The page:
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1. Russia from Michael_Novakhov (114 sites): Window on Eurasia — New Series: Kremlin’s Biggest Fear is that Russians Will Begin Asking Questions about Future, Yudin Says


Paul Goble

            Staunton, Apr.
10 – The Kremlin’s greatest fear is that Russians will begin asking questions
about Russia’s future, Grigory Yudin says. Hence the regime is seeking to
organize the 2024 presidential election as a referendum in which Russians are
told that there is no alternative to Putin and that the current president will
continue to guide the country by his lights.

            The Moscow
sociologist’s words represent his take on the meeting the Kremlin held recently
with deputy regional heads in which it outlined how they were to organize things
and what is expected of them (verstka.media/sociolog-grigoriy-yudin-o-podgotovke-k-prezidenskim-vyboram;
on that meeting itself, see windowoneurasia2.blogspot.com/2023/04/only-53-percent-of-russians-fully.html).

            The regional officials were told to
treat any opposition to Putin as marginal and irrelevant and to ensure that none
of them begins to look at the election in a new way lest that lead Russians to
follow the course of Belarusians in 2020 when members of that nation realized
that an election can and even should be about the future.

            In the course of his discussion, Yudin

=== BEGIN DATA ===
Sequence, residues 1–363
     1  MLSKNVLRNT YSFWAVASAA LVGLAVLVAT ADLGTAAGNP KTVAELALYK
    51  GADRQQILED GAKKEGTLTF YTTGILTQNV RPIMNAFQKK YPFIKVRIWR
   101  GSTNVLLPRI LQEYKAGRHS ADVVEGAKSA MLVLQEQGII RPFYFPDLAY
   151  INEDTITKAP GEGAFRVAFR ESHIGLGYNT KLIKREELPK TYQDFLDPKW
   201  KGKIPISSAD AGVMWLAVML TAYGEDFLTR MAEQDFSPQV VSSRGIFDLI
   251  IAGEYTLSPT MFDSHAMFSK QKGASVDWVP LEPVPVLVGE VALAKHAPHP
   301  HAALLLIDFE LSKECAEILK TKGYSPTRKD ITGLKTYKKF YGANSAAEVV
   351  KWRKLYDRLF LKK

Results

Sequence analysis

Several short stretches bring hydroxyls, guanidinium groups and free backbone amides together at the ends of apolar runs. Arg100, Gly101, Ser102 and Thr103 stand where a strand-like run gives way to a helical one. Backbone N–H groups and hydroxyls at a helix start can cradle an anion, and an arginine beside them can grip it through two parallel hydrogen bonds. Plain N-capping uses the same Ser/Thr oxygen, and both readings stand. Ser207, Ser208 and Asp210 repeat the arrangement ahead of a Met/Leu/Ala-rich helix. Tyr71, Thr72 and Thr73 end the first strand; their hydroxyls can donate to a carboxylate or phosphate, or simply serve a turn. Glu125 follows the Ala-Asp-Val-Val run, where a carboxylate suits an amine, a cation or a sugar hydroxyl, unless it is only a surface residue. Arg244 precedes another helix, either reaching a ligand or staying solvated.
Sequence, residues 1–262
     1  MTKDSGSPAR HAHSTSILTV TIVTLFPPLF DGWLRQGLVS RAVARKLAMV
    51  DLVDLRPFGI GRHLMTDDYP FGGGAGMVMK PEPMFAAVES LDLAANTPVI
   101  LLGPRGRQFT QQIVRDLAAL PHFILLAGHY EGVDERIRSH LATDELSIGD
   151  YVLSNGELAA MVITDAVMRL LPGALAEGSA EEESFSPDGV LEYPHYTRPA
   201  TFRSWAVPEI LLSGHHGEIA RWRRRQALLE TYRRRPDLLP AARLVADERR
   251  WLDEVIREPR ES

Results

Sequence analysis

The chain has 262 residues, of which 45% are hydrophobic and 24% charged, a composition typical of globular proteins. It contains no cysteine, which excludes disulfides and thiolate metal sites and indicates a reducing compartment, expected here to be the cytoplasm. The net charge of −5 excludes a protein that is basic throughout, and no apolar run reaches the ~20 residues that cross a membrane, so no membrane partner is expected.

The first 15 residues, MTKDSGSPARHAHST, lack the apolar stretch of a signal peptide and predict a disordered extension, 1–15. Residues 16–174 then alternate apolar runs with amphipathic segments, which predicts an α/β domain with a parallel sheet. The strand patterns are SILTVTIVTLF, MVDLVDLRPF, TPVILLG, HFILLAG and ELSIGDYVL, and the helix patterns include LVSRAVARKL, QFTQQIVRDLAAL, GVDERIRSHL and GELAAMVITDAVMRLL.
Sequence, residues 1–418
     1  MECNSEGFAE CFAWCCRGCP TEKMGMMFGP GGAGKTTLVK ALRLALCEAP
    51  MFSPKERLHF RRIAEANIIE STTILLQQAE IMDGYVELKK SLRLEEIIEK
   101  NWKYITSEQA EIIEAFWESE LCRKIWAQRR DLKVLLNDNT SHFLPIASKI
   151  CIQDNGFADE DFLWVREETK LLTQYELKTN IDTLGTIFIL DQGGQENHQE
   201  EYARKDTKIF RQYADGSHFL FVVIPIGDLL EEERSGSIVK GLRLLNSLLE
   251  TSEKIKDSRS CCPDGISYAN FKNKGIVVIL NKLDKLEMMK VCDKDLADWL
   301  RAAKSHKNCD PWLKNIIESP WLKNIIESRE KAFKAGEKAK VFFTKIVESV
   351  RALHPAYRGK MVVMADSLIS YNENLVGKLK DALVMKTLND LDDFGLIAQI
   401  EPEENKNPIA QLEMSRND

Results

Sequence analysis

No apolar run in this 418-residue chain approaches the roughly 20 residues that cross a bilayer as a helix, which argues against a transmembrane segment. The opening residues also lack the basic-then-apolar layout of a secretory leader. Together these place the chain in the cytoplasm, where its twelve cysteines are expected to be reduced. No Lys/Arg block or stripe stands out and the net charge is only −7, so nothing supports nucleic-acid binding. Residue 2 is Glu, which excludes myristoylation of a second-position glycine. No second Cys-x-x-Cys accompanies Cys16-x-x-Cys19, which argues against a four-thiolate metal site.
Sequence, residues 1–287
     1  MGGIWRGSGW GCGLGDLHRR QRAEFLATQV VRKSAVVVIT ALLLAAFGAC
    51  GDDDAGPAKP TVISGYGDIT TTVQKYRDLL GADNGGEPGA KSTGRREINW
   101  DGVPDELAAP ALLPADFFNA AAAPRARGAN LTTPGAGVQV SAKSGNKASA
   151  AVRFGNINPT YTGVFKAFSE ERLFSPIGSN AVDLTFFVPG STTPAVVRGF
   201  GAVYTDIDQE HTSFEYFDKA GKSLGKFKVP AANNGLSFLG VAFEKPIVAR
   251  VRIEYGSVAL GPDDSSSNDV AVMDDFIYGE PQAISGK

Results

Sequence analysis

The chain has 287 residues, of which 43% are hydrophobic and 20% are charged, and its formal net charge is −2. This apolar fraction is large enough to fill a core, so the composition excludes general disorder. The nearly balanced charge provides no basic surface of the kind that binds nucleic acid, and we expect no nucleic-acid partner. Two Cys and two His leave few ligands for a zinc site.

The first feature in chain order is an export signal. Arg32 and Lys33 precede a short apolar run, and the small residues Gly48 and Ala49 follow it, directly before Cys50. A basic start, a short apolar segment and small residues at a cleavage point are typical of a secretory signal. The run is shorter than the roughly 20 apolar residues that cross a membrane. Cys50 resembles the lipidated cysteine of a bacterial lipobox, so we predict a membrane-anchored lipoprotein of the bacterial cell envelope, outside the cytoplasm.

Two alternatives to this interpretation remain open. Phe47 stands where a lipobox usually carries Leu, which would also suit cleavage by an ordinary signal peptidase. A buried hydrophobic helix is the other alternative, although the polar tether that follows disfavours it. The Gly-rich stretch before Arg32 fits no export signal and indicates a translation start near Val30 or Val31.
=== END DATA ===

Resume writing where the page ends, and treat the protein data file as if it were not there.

makes two other extremely important points. First, he argues that there is no
reason to think that what some are calling “angry patriots” will represent a
serious challenge to Putin. They may be upset with him for not going further in
Ukraine, but they are defined by him and will ultimately disappear with him.

            The model for this, the sociologist
suggests, is what happened with the Russian extreme right black hundreds
movement at the end of the imperial period. It too was furious that the tsar
wasn’t taking a harder line, but when the tsar disappeared, the extreme right
fell apart rather than coalesced into a serious force about the future.

            And second, despite what many
believe, “there are no ‘real statistics’” in the Kremlin. Instead, “the
sociologists who work at the order of the Kremlin publish only that which their
paymasters want.” There may be cases when the Kremlin wants different
information, but then it ensures that those statistics aren’t published.

Window on Eurasia — New Series

1. Russia from Michael_Novakhov (114 sites)